There is never certainty in Washington. As I write this blog, it appears increasingly unlikely that the American Health Care Act  will pass the House on Thursday, March 23. And yet at the last minute, enough members of Congress could be influenced to make the impossible possible. This lack of certainty makes it so difficult to know if the congressional majority will ultimately adopt the proposed budget. Some in the House and Senate have called it dead on arrival, while others have embraced the proposal and called for its adoption. But as one economist told NPR a few weeks ago, Donald Trump is the “master of the deal.” What he may be doing is simply going for the extreme with the full knowledge that the final budget will fall somewhere in the middle and be far better than anything he could have expected had he been more moderate from the start.

The author would like to thank the National Association of Counties and the Coalition for Human Needs for much of the information that appears in this blog, and the Center for Budget and Policy Priorities for the graph which appears above.

The Trump Administration’s Budget Blueprint: The Regional Impact

Today President Trump unveiled his first federal budget blueprint, which calls upon Congress to make dramatic changes to the shape, if not the size, of the federal government. The plan calls for deep cuts at some departments and agencies while significantly increasing funding at others.

At the core of the proposal is a $54 billion increase in defense spending, $2.6 billion for a border wall, and $1.4 billion for school choice provisions. These increases are fully offset by significant cuts to the non-defense discretionary portion of the budget, leaving entitlement spending and other mandatory spending (which makes up approximately 73% of the federal budget), unchanged.

“The defense and public safety spending increases in this Budget Blueprint are offset and paid for by finding greater savings and efficiencies across the Federal Government. Our Budget Blueprint insists on $54 billion in reductions to non-Defense programs. We are going to do more with less, and make the Government lean and accountable to the people.

“This includes deep cuts to foreign aid. It is time to prioritize the security and well-being of Americans, and to ask the rest of the world to step up and pay its fair share.

“Many other Government agencies and departments will also experience cuts. These cuts are sensible and rational. Every agency and department will be driven to achieve greater efficiency and to eliminate wasteful spending in carrying out their honorable service to the American people.”

– From America First: A Budget Blueprint to Make America Great Again

 

The deep cuts to so many programs that each have constituencies of their own makes it likely that Congress will see this skinny budget and the full budget to follow as ‘dead on arrival.’ But it does offer important insight into the new administration and where their priorities lie, and will be taken under some consideration by the Republican majority in Congress.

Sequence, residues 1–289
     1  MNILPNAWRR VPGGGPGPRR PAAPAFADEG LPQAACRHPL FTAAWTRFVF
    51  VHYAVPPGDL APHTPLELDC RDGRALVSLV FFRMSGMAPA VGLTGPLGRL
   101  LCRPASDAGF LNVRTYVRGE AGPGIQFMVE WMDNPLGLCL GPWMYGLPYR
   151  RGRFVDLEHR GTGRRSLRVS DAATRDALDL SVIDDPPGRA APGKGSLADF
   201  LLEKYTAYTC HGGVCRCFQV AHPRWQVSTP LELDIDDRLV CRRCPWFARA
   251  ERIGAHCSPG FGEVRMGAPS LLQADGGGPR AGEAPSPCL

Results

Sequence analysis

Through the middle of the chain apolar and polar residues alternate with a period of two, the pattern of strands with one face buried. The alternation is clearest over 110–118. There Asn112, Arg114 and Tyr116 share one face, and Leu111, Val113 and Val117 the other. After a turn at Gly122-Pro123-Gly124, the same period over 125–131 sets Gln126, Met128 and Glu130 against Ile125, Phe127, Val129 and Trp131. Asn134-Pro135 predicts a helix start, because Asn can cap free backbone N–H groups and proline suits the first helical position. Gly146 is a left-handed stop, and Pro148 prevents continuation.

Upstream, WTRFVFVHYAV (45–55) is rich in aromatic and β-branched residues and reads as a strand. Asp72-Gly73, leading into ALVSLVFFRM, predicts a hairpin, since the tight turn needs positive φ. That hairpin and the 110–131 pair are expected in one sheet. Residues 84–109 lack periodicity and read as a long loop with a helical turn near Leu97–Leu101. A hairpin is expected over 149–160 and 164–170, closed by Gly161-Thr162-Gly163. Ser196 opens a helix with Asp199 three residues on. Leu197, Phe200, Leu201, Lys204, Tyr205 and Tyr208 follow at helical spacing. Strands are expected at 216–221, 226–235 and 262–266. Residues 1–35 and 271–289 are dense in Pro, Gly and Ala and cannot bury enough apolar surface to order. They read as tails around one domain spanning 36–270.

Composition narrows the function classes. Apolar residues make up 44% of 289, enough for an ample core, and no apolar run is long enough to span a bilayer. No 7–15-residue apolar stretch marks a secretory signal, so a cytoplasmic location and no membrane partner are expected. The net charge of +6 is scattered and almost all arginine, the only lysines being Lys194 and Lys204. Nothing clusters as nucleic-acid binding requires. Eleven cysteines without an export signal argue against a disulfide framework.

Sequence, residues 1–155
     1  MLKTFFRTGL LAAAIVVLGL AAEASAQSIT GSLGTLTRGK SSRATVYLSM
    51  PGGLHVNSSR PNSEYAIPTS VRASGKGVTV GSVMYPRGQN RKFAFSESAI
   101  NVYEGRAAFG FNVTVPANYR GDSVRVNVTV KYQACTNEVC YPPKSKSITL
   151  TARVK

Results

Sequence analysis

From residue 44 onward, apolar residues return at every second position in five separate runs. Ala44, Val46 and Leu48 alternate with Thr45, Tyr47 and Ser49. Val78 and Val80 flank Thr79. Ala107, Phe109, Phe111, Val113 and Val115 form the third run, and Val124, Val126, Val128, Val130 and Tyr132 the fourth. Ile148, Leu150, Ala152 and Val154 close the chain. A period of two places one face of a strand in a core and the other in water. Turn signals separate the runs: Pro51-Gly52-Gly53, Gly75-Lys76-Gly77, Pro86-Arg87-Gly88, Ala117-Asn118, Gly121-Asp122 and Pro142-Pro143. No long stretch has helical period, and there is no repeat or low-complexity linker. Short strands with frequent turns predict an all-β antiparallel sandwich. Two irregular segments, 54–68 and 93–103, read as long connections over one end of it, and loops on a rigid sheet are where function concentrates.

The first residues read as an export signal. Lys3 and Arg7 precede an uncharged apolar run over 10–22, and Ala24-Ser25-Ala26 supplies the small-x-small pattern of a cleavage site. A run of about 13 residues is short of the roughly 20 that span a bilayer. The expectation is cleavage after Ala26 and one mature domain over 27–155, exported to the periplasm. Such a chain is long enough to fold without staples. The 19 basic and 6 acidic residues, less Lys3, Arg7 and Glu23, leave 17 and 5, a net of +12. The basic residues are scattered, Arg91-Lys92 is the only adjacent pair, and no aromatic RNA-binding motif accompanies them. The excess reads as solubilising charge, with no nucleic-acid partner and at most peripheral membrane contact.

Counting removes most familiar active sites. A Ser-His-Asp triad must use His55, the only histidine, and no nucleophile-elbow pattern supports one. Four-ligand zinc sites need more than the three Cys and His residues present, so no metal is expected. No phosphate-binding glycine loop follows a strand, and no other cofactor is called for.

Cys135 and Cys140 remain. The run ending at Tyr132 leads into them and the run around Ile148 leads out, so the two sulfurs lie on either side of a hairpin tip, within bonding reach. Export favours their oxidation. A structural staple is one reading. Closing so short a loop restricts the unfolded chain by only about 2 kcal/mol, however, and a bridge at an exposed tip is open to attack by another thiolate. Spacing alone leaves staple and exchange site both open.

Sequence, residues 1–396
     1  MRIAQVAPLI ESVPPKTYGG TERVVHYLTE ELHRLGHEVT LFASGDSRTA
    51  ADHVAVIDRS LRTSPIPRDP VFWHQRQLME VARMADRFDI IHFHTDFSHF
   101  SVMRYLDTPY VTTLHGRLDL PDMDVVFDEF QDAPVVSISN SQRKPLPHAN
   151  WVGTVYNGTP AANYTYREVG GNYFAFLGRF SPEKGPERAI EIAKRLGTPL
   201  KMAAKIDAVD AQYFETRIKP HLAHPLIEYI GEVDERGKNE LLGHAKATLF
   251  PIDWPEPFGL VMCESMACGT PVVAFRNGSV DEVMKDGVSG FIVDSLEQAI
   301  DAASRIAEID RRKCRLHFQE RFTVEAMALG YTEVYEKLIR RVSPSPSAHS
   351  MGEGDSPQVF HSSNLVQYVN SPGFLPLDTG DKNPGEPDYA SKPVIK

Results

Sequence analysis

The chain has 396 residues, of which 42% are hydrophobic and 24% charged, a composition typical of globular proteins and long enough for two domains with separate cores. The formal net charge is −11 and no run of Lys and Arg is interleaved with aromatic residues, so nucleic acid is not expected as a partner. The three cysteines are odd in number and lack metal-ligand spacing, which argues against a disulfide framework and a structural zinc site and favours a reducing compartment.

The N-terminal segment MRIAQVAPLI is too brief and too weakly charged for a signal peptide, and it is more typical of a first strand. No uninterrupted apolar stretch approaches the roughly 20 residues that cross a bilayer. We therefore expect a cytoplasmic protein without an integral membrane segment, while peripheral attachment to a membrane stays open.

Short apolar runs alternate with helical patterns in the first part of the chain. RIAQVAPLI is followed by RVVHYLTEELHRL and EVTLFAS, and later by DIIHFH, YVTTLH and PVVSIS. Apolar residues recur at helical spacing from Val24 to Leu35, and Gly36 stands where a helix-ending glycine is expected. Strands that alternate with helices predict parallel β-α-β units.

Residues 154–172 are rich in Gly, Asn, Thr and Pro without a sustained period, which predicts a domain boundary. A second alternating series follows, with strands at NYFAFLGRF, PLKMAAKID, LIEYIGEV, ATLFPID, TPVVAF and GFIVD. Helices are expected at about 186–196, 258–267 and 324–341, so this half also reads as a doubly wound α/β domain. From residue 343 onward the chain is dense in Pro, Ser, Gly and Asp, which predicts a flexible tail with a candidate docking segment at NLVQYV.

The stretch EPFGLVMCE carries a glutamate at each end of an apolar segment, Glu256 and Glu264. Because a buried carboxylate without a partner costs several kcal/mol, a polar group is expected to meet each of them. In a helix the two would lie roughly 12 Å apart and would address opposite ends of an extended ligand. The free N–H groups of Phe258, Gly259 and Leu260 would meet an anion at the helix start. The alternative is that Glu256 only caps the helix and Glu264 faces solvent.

The departments of Commerce, Agriculture (USDA), Energy (DOE), Housing and Urban Development (HUD), and Transportation (DOT) would face major cuts if this budget were enacted. The Environmental Protection Agency would lose nearly one-third of its budget. Federal funding for 19 agencies would be terminated, including the Corporation for Public Broadcasting, the National Endowments for the Arts, the Appalachian Regional Commission, and the Delta Regional Authority. As feared, the proposed budget would eliminate the $3 billion Community Development Block Grant program. What follows is a selected list of agencies and programs, and how they are treated in the budget blueprint. This is not comprehensive as details are limited at this time. NARC will continue to track these and update you as new information becomes available. Please follow the NARC website (www.narc.org) and our new blog, Regions Lead (www.regionslead.org), to keep up with the latest.

Department of Agriculture

FY2018 proposed funding level: $17.9B (-$4.7 billion, 21% decrease)

  • Eliminates Water and Wastewater loan and grant program (-$500 million)
  • Eliminates McGovern-Dole International Food for Education program (-$200 million)
  • Fully funds Food Safety and Inspection Service and wildland fire preparedness activities
  • Reduces Women, Infants, and Children nutrition assistance (-$200 million)
  • Unspecified staff reductions at USDA service center agencies around the country
  • Cuts funding for Rural Business and Cooperative Service (-$95 million)

Department of Commerce

FY2018 proposed funding level: $7.8B (-$1.5 billion, 16% decrease)

  • Eliminates the Economic Development Agency (EDA) (-$221 million)
  • Increases funding for Census Administration in anticipation of 2020 census (+$100 million)

Department of Energy

2018 Proposed Funding Levels $28 billion (-$1.7 billion, 5.6% decrease)

  • Increases National Nuclear Security Administration (NNSA) funding more than 11%; all other program are cut by nearly 18%
  • Increases spending for managing the nation’s nuclear stockpile by restarting licensing at Yucca (+$120 million)
  • Eliminates Weatherization Assistance Program and State Energy Program
  • Cuts Office of Science funding to support research at 300 universities and 10 of 17 national labs (-$900 million)
  • Focuses funding for the Office of Energy Efficiency and Renewable Energy, the Office of Nuclear Energy, the Office of Electricity Delivery and Energy Reliability, and the Fossil Energy Research and Development program on limited, early-stage applied energy research and development activities where the federal role is stronger (-$2.0 billion)

Department of Health and Human Services

Proposed funding level: $84.1B (-$15.1 billion, 16% decrease)

  • Cuts Office of Community Services funding (-$4.2 billion), eliminating Low Income Home Energy Assistance Program and Community Services Block Grant